At a time when world economies appear to be struggling back to their feet following the global financial crisis, the Reserve Bank of India's (RBI) governor, Raghuram Rajan, has urged greater co-ordination among central banks to promote stable and sustainable growth. The governor also questioned the extreme monetary easing adopted by some developed countries, with repercussions on emerging economies across the globe. He was critical of the current international monetary policy framework. "The current non-system in international monetary policy is, in my view, a source of substantial risk, both to sustainable growth as well as to the financial sector. It is not an industrial country problem, nor an emerging market problem; it is a problem of collective action. We are being pushed towards competitive monetary easing," Rajan said in his speech at the Brookings Institution in USA. "...my call is for more coordination in monetary policy because I think it would be an immense improvement over the current international non-system," he added. Rajan said extreme monetary easing was probably not the medicine to revive growth. "A first step to prescribing the right medicine is to recognise the cause of the sickness. Extreme monetary easing, in my view, is more cause than medicine.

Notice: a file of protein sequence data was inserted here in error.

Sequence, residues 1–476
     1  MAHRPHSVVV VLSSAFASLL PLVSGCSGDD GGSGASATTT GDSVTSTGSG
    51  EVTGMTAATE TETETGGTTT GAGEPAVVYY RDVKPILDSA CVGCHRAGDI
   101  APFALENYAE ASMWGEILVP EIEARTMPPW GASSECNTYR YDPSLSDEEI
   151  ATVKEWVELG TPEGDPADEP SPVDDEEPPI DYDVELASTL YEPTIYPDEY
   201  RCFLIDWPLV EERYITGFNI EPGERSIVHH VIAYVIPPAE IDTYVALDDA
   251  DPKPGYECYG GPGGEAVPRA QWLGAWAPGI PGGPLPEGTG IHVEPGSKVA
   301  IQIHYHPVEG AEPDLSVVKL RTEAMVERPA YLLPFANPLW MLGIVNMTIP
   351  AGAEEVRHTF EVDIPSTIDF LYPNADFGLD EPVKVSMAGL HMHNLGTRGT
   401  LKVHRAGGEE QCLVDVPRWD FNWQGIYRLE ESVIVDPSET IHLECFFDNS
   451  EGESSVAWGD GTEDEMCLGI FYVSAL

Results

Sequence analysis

The sooner we recognise that, the more sustainable world growth we will have," he said. The governor said central bankers were usually reluctant to air their concerns in public. "But because the needed change has political elements to it, I take my cue from speeches by two central bankers whom I respect greatly, Ben Bernanke in his 2005 'Global Savings Glut' speech, and Jaime Caruana in his 2012 speech at Jackson Hole, both of whom have raised similar concerns to mine, although from different perspectives," Rajan said. He said India's large capital inflows in recent months had ensured s substantial cushion to withstand global shocks. "India is seen by the markets as an emerging economy that has made some of the necessary policy adjustments. We are well buffered with substantial reserves, though no country can be decoupled from the international system," he said. Rajan also proposed creation of global safety nets to mitigate the need for countries to self-insure through reserve buffers. "Another way to prevent a repeat of substantial reserve accumulation is to build stronger international safety nets. As the financial crisis suggested, this is not just an emerging economy concern. In a world where international liquidity can dry up quickly, the world needs bilateral, regional and multilateral arrangements for liquidity. Multilateral arrangements are tried and tested, and are available more widely, and without some of the possible political pressures that could arise from bilateral and regional arrangements," he said.